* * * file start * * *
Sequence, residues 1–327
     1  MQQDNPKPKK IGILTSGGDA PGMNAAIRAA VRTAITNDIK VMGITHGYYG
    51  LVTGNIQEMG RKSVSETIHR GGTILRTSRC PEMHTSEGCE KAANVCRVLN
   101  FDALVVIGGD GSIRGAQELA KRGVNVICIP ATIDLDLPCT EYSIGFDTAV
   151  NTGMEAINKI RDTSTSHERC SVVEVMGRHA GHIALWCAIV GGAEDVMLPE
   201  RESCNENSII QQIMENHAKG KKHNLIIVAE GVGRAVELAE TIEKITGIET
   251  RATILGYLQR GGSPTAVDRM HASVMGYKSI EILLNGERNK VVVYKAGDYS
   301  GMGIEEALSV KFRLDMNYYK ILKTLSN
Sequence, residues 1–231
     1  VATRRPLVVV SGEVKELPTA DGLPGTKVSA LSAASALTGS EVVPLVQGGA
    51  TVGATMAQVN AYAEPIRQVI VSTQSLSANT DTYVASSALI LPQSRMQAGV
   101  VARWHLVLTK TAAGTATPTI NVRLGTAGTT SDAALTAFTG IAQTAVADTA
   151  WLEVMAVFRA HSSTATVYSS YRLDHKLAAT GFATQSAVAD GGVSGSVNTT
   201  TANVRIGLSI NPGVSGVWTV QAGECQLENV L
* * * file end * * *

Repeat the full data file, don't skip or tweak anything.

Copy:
Sequence, residues 1–327
     1  MQQDNPKPKK IGILTSGGDA PGMNAAIRAA VRTAITNDIK VMGITHGYYG
    51  LVTGNIQEMG RKSVSETIHR GGTILRTSRC PEMHTSEGCE KAANVCRVLN
   101  FDALVVIGGD GSIRGAQELA KRGVNVICIP ATIDLDLPCT EYSIGFDTAV
   151  NTGMEAINKI RDTSTSHERC SVVEVMGRHA GHIALWCAIV GGAEDVMLPE
   201  RESCNENSII QQIMENHAKG KKHNLIIVAE GVGRAVELAE TIEKITGIET
   251  RATILGYLQR GGSPTAVDRM HASVMGYKSI EILLNGERNK VVVYKAGDYS
   301  GMGIEEALSV KFRLDMNYYK ILKTLSN
Sequence, residues 1–231
     1  VATRRPLVVV SGEVKELPTA DGLPGTKVSA LSAASALTGS EVVPLVQGGA
    51  TVGATMAQVN AYAEPIRQVI VSTQSLSANT DTYVASSALI LPQSRMQAGV
   101  VARWHLVLTK TAAGTATPTI NVRLGTAGTT SDAALTAFTG IAQTAVADTA
   151  WLEVMAVFRA HSSTATVYSS YRLDHKLAAT GFATQSAVAD GGVSGSVNTT
   201  TANVRIGLSI NPGVSGVWTV QAGECQLENV L